Culturing and Fermenting: Kombucha

Culturing and Fermenting: Kombucha

Several years ago, I was talking with someone about culturing and fermenting and she introduced me to the word “kombucha” with a brief description of what I needed to do to feed and culture kombucha. Intrigued, I went home and looked up more information. For those not currently doing culturing or fermenting do a little exploring on the subject. There is an entire underground community sharing information on this topic. “Nourishing Traditions” by Sandy Fallon talks a great deal about kombucha and all sorts of fermenting and culturing. The book in general is a great self-sustainable person’s resource which covers many subjects that are not limited to culturing. The Weston A. Price Foundation (WAPF) is a wealth of information, too. Kombucha is mega healthy. It cures quite a long list of surprising health issues. Most of us do not get enough fermented or cultured critters into our bodies to maintain our systems correctly anymore. In our family, My husband and I drink it and the children are always asking for it. You just can’t keep enough on hand so if you start making it, double your recipes after your first batch or two.

Kombucha. Well, what is it? It is often described as a mushroom (but its not one) or more accurately a probiotic bacteria & yeast colony. Its job is to create a lovely beverage for you. As culturing goes, the super hero in question here is ugly, phlegmy in appearance and looks like it should be thrown out upon first sight. You will soon fall in love with it’s slimy slippery goodness that creates a delightful super-healthy beverage resembling sparkling apple cider with a hint of apple cider vinegar tang to it. No lie. It is amazingly delicious and you are missing out.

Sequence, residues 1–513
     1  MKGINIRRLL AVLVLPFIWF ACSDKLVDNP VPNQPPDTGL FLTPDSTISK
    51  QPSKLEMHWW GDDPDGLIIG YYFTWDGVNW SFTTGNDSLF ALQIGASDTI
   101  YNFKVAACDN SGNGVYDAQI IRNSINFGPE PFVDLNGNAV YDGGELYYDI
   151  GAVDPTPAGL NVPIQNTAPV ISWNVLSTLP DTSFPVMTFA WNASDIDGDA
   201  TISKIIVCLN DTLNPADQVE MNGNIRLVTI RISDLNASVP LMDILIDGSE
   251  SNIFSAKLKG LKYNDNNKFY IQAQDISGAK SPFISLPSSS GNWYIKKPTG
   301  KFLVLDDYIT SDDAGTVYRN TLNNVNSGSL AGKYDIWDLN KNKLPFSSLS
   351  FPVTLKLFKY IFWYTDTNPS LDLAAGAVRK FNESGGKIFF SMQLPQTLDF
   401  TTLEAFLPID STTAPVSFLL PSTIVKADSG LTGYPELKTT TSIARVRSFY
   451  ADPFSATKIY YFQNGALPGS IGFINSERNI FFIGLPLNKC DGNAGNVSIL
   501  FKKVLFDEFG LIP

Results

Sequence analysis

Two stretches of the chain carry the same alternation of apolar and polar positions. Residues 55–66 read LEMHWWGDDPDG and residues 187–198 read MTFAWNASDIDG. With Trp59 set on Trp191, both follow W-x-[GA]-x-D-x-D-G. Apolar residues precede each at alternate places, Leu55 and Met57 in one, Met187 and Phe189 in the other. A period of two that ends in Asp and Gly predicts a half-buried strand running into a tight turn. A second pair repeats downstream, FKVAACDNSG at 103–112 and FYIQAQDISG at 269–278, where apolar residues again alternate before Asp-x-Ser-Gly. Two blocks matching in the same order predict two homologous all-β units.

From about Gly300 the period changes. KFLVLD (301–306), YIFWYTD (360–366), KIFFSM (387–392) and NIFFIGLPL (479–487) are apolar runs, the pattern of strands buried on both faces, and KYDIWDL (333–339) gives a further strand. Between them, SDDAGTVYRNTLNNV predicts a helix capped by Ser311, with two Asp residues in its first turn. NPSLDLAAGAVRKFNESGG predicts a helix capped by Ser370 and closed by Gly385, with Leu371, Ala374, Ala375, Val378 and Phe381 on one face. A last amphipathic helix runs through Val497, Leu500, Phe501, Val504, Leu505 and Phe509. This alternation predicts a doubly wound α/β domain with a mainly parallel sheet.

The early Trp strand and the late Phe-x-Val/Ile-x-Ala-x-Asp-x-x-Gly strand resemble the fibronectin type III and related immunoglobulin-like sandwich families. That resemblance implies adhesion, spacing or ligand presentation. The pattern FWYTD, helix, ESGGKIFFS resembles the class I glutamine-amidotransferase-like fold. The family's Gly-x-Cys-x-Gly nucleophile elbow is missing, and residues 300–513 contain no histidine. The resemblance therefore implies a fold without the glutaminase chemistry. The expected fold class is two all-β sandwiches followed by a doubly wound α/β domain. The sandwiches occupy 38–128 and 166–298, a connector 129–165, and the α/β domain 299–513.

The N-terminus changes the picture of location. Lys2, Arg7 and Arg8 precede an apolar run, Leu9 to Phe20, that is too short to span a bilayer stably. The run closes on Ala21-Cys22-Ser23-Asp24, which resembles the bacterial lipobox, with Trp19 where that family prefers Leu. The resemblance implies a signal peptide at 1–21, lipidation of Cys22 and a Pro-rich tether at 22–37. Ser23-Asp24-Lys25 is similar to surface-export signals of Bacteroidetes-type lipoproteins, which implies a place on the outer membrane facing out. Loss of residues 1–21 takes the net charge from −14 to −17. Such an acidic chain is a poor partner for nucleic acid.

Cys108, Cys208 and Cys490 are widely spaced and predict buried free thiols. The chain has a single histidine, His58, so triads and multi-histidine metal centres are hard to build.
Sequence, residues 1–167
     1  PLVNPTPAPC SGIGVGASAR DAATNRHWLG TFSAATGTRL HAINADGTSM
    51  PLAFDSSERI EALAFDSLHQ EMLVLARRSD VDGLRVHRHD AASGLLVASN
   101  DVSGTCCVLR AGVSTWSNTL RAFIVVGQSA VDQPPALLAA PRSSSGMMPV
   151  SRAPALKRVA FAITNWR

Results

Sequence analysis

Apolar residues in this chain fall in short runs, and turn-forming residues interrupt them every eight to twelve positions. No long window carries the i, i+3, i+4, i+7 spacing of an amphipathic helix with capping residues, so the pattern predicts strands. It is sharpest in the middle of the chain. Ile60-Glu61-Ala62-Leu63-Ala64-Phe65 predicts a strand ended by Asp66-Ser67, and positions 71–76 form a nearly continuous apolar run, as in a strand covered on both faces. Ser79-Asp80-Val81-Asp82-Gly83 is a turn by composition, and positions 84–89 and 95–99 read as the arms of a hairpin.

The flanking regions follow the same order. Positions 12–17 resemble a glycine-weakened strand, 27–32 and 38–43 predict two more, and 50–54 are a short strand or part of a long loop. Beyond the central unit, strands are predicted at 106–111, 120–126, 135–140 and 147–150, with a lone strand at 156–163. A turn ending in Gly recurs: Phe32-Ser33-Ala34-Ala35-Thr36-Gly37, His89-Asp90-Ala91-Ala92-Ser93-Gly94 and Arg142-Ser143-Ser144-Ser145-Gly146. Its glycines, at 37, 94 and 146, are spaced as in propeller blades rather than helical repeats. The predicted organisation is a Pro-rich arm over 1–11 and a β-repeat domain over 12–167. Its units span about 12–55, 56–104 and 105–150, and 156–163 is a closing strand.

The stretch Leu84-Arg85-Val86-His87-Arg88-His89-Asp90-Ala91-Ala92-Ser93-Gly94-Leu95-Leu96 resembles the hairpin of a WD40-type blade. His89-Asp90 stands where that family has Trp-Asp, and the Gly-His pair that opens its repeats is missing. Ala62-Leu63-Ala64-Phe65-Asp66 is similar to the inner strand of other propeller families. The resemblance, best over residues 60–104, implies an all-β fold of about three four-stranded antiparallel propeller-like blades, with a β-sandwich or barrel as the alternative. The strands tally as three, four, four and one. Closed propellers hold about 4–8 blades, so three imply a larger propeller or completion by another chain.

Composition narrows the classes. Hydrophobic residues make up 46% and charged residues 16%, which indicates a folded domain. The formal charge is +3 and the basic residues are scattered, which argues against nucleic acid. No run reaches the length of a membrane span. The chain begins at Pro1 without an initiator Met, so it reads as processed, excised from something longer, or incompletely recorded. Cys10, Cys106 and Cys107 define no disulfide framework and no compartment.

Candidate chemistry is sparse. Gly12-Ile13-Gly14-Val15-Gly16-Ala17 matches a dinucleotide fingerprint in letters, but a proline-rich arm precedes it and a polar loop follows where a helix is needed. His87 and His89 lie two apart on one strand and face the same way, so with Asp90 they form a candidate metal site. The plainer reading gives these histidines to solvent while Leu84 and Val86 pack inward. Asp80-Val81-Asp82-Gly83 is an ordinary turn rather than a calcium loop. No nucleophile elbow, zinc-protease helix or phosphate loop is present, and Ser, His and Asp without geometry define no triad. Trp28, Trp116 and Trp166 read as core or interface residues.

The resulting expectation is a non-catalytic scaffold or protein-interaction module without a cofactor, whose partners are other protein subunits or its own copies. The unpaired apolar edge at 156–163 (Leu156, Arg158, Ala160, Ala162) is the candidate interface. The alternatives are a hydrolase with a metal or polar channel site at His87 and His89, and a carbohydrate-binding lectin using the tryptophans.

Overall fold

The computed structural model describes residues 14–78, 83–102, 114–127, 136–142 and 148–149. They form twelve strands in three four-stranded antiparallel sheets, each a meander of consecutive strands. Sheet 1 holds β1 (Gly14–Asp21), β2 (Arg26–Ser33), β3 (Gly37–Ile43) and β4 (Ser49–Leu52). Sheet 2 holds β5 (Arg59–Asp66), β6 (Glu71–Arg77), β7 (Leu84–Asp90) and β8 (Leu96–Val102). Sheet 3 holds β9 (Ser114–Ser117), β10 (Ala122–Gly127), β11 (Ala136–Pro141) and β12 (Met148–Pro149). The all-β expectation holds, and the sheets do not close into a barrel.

Wait a minute, did I say slimy and slippery AND delicious in the same description? Yes. I did. The actual beverage you would drink is not slimy- only the probiotic colony that creates the drink is. The kombucha “tea” created is refreshing whether lukewarm or cold. Some folks even drink it hot and that would be great too, but it would kill off any live critter goodness in the drink.

When I received my first kombucha mushroom or scoby (S.C.O.B.Y.: Symbiotic Colony of Bacteria and Yeast) I was having some thoughts of backing out. I confess, I too did not have love at first sight. After following the standard directions, I put the whole ensemble in the pantry and hoped for the best but had my doubts. About 10-14 days later I pulled out the jar, pulled off the cloth covering the opening and surveyed the landscape. Toledo! I was -not- going to consume that. After confessing my dismay on a culturing forum, they laughed at me and pretty much dared me to try it. That worked and I poured a bit of the kombucha off into a glass and sipped. No, I did not die but I sure was surprised! And a kombucha believer was born that minute.